11. The method of claim 1, wherein storing information about the fatal error comprises storing information in a non-volatile memory.
12. The method of claim 1, wherein setting the error status indicator comprises providing the status indicator on a human-readable display.
13. The method of claim 1, wherein setting the error status indicator comprises providing the status indicator to a computer system.
14. The method of claim 1, wherein setting the error status indicator comprises recording the error status indicator in a log.
15. The method of claim 1, wherein:
the embedded processor system comprises a distributed system having a plurality of nodes;
detecting a fatal error comprises detecting a fatal error in a first node; and
commencing a reset comprises commencing a reset of the first node.
16. An error recovery system for an embedded processor system, comprising:
means for detecting a fatal error;
means for storing information about the fatal error in a memory;
means for commencing a reset of the embedded processor system;
means for determining whether an error occurred prior to the commencement of the reset; and
an error status indicator for indicating if an error occurred.
17. The error recovery system of claim 16, further comprising:
an error flag for indicating an existence of a previous occurrence of an error following the detection of a fatal error;
means for bypassing the step of storing information about the fatal error and commencing the reset of the embedded processor system if the error flag indicates the previous occurrence of an error; and
means for setting the error flag to indicate the occurrence of the fatal error if the error flag does not indicate the previous occurrence of an error.
18. The error recovery system of claim 16, further comprising:
means for retrieving stored error information if an error occurred; and
means for clearing the error status indicator.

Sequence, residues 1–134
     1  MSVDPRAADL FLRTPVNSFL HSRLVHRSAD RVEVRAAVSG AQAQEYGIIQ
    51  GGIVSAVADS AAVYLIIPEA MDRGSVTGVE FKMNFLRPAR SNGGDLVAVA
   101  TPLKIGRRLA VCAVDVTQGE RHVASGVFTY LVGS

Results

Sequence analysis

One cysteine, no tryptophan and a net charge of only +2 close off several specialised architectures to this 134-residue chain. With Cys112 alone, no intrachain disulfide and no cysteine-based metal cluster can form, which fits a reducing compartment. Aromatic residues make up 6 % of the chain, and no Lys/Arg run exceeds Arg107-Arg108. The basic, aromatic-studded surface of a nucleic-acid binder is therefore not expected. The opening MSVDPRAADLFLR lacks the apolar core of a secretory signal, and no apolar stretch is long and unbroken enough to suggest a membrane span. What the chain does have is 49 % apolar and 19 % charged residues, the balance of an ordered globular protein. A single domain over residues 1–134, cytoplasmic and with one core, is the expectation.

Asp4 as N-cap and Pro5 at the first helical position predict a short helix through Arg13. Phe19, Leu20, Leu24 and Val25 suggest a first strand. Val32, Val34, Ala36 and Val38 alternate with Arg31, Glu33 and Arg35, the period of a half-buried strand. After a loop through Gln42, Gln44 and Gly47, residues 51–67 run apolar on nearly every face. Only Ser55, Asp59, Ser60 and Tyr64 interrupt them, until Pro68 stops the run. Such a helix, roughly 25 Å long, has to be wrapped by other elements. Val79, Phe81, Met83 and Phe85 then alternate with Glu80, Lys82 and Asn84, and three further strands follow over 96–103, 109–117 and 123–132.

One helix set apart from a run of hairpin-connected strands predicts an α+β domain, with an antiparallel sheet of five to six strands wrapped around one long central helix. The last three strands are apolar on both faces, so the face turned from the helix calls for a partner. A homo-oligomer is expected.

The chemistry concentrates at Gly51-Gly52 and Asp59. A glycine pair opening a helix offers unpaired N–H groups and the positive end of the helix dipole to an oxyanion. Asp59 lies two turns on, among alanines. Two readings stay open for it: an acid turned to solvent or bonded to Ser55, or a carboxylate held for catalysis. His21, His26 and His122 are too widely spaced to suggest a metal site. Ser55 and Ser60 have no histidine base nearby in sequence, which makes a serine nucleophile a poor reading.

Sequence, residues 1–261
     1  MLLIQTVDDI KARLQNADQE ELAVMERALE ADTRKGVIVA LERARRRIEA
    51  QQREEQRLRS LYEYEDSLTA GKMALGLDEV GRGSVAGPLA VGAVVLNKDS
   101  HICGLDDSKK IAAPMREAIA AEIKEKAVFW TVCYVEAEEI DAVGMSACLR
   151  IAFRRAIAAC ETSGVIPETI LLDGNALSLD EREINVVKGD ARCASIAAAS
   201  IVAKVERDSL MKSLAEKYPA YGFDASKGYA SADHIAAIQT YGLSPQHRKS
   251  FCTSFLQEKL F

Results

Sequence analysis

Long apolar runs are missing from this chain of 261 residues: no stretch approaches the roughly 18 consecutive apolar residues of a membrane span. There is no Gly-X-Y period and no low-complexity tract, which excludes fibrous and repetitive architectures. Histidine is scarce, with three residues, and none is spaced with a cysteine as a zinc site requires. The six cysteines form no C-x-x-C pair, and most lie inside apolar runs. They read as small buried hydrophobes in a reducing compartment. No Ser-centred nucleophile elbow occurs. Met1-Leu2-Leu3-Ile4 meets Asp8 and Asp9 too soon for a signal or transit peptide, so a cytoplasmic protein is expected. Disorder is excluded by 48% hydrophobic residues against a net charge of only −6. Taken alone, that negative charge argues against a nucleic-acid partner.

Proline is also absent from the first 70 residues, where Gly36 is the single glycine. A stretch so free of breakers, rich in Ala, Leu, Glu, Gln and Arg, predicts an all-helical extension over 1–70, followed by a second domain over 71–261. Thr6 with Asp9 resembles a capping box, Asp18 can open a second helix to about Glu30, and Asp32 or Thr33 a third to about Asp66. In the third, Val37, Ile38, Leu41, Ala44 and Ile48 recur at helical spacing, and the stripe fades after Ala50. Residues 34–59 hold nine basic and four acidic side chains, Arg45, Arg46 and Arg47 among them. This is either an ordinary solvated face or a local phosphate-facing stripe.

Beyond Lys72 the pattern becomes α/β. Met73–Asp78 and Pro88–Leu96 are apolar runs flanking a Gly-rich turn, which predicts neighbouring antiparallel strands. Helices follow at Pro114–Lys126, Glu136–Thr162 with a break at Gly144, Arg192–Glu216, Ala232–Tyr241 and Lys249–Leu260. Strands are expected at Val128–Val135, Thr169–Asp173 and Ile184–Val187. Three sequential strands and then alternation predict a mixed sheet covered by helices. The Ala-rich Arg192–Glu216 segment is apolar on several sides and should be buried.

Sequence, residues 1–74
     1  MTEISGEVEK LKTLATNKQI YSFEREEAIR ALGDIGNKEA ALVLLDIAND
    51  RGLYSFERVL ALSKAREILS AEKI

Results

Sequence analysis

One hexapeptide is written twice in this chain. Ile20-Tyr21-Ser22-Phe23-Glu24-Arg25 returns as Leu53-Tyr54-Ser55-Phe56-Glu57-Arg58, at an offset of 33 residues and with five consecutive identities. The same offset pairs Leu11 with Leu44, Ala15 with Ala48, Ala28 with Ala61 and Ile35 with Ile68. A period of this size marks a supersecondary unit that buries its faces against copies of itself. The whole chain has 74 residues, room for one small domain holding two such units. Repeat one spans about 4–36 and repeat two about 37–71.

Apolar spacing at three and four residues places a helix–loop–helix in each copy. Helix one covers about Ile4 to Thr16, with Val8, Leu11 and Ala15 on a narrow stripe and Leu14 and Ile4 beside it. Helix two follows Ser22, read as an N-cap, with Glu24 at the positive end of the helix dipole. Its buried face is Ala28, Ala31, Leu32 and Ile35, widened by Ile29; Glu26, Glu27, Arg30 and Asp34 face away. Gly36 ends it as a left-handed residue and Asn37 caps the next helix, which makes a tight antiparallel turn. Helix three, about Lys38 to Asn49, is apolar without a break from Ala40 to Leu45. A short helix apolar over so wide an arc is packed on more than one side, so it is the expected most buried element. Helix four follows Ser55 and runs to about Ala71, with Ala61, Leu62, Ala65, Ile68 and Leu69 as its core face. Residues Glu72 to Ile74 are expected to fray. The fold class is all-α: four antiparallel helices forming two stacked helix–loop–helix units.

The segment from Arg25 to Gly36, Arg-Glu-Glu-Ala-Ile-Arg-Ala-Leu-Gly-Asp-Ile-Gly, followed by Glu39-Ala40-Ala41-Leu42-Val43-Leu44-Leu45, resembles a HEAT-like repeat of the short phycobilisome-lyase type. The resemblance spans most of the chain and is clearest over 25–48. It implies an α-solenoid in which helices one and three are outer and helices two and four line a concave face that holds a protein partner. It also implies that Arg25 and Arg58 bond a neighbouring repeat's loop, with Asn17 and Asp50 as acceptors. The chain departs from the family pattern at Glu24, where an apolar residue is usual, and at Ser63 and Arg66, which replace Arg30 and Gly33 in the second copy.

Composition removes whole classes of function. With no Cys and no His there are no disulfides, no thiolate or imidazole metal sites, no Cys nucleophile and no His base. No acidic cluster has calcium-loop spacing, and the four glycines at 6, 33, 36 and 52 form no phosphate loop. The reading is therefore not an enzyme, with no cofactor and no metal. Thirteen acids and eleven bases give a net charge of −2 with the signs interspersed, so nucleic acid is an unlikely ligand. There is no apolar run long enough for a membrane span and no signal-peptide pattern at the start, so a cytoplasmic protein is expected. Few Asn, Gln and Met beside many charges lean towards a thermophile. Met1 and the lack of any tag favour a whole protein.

19. The error recovery system of claim 18, further comprising:
following the detection of a fatal error, means for determining if an error flag indicates a previous occurrence of an error;
means for bypassing the step of storing information about the fatal error and commencing the reset of the embedded processor system if the error flag indicates the previous occurrence of an error;
means for setting the error flag to indicate the occurrence of the fatal error if the error flag does not indicate the previous occurrence of an error; and
means for clearing the error flag following the retrieval of the stored error information.
20. The error recovery system of claim 16, wherein the memory comprises volatile memory.
21. The error recovery system of claim 16, wherein the memory comprises non-volatile memory.
22. The error recovery system of claim 16, wherein the error status indicator comprises a human readable display.
23. The error recovery system of claim 16, wherein the error status indicator comprises a computer readable signal.
24. The error recovery system of claim 16, wherein the error status indicator comprises an entry in a log.
25. The error recovery system of claim 16, wherein:
the embedded processor system comprises a distributed system having a plurality of nodes;
the means for detecting a fatal error comprises means for detecting a fatal error in a first node; and
the means for commencing a reset comprises means for commencing a reset of the first node.
26. An automated storage library, comprising:
a plurality of storage shelves for holding data storage cartridges;
at least one data storage drive for receiving a data storage cartridge and writing/reading data to/from media within the cartridge;
an accessor for transporting data storage cartridges between storage shelves and the at least one data storage drive;
a memory;
an error status indicator; and
an embedded processor programmed to execute instructions for:
detecting a fatal error in the automated storage library;
storing information about the fatal error in the memory;
commencing a reset of the embedded processor;
determining whether an error occurred prior to the commencement of the reset; and
if an error occurred, setting the error status indicator.
27. The automated storage library of claim 26, wherein: